One time I was talking to my sister in America on Skype. She asked what I was up to and I said something like, “Nothing, I just had to pop into Bangkok for a meeting and some med appointments.” Immediately, she laughed and mocked, “Oh, I’m just in Bangkok lying on a hotel bed.” At first I didn’t understand the jab until I realized that she thought it weird for me to state it so nonchalantly. After 2 years in Thailand almost nothing can phase me, so much so that I peer over my blog posts and think about how much is missing!
I treat some events that are wild and unbelievable to most people as a commonplace. Therefore, I forget to stop and share some of these incredible, life-changing journeys with friends and family back home (or anyone else around the world following along). You won’t run into a backpacker or a traveler anywhere that has experiences like I do as a Peace Corps volunteer (mostly because of the deep, personal relationships with the villagers and language fluency). Want to know what a United States Peace Corps volunteer is and does? Check it out HERE and HERE.
Having said that, let me share with you some of the incredible sights I have seen. I’ll start with Angkor Wat in Siam Reap, Cambodia.
I traveled to Siam Reap, Cambodia with my parents in April 2013 when they visited me in Thailand. We left from Mo Chit bus terminal and caught a tour bus to the Poipet Cambodian/Thailand border for about $8 per person. The bus ride took about 5 hours and we arrived at sundown. Let me just say, if I never have to return to the Cambodian border again I will be a happy woman. In Thai style, I smiled at everyone I saw to extend a polite and pleasant demeanor, including the border officials asking for my visa credentials. The security men proceeded to make lewd kissing faces at me through the scratched plexiglass.
From there, a Cambodian man (who I suspected to be a tout, or a con), followed us all the way from our bus through immigration. He tried to approach us to offer a taxi then proceeded to tell us what to do and where to go. The trouble with this is that all over the internet you find stories of con men who direct you to fake visa offices then take your money. Corruption in Cambodia breeds and thrives like a virus or a plague. I find it quite frightening, actually.
Since the border office was closing, we decided to take this man up on the taxi and share it with a kind backpacker with a half-shaved head, half dreads, named Anita. We dumped our bags into an unmarked black car, not taxi-like at all, and I snapped photos of the “license plate” and texted them to some friends before I drove out of reach of the Thai cell phone range. If my body turned up somewhere, I just wanted to hedge my bets that someone could find me and the creepy driver responsible. Okay, he turned out entirely un-creepy and after some rude Camobdians trying to hassle us out of money, we arrived safely at our hotel.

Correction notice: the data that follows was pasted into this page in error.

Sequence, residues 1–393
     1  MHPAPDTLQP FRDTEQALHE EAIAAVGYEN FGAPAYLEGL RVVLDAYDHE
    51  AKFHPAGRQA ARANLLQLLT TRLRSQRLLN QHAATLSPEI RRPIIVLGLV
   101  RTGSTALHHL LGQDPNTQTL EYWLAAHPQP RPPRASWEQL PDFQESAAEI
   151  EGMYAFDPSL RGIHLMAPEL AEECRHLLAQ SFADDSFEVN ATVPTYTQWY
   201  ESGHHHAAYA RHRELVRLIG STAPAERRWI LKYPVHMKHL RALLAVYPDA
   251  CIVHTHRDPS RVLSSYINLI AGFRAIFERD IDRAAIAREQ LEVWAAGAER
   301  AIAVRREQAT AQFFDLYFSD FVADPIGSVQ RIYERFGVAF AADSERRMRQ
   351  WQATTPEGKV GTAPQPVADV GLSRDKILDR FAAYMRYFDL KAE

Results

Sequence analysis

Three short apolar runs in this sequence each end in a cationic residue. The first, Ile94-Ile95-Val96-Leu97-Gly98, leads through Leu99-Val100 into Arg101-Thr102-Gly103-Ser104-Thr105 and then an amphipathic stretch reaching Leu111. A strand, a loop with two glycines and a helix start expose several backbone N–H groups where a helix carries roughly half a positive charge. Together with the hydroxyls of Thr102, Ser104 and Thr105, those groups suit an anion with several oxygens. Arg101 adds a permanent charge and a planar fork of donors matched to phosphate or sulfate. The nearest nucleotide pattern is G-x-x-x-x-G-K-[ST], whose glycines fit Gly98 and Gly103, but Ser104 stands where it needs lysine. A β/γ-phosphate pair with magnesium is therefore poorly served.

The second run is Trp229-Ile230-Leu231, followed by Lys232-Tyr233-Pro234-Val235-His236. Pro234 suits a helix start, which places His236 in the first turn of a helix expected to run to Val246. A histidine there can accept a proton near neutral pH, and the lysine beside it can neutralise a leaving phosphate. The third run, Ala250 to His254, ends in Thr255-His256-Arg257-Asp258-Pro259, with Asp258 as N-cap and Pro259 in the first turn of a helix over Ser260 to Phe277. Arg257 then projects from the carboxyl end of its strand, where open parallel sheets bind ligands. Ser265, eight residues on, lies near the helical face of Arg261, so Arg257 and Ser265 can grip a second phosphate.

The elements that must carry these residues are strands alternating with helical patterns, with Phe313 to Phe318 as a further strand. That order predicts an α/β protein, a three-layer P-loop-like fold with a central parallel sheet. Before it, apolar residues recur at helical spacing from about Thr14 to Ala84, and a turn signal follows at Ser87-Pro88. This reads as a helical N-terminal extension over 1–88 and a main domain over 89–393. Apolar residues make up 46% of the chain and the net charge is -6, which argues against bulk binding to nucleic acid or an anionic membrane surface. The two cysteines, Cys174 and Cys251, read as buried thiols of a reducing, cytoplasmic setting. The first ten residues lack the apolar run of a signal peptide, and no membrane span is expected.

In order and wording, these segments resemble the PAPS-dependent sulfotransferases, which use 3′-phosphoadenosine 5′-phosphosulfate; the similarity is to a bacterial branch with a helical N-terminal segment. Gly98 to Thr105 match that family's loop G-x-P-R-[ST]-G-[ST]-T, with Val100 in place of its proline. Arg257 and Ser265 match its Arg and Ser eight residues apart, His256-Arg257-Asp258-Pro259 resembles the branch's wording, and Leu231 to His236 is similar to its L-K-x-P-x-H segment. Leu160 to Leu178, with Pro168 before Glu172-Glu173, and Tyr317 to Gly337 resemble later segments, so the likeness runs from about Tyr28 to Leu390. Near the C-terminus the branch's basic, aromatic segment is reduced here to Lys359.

I fell in love with our hotel immediately. It’s called Golden Mango Inn and it’s a bit away from the hustle and bustle of the night bazaar/market area. Reception greeted me by name and with glasses of mango juice for me and my parents. If you need a place to stay in Siam Reap, I cannot recommend this hotel enough. It’s inexpensive (I paid about $15 per night for an enormous and beautiful double bed room that overlooked the pool), and it’s constructed from beautiful wood from floor to ceiling.
The hotel was great because they made all of our trip plans to Angkor Wat for us. We rented a tuk-tuk for $20 for the day and an English Guide for $25 for the day. The Angkor Wat entrance fee was $25 per person. For a Peace Corps budget of only $200 per month, this added up to a large amount. However, how can I live in Southeast Asia right next door to Cambodia and not go? Impossible, so I went.
After an entire day of traveling around the historic ruins, I can say emphatically that it’s one of the most grandiose and beautiful things I’ve seen in my life. It reminded me of Teotihuacan, Aztec ruins I visited when I studied in Mexico for a short time in 2008. Interestingly, Angkor Wat is just one of many temples around the area. Angkor Wat, is not even a temple, per se, it’s an entire ancient city uncovered and preserved. My favorite temple was a 45 min tuk-tuk ride away through the countryside. It’s called Banteay Srei, aka the Lady Temple. Go figure.
I took over 700 pictures in one day down in Cambodia. I’ve tried to cut that down to post some here. Enjoy, and while I’m in the Nepali spirit, Namaste. Be sure to follow via email to receive a notification of my future posts and pictures.
**CLICK ANY PHOTO FOR AN ENLARGED VIEW IN GALLERY MODE FOR EASY VIEWING**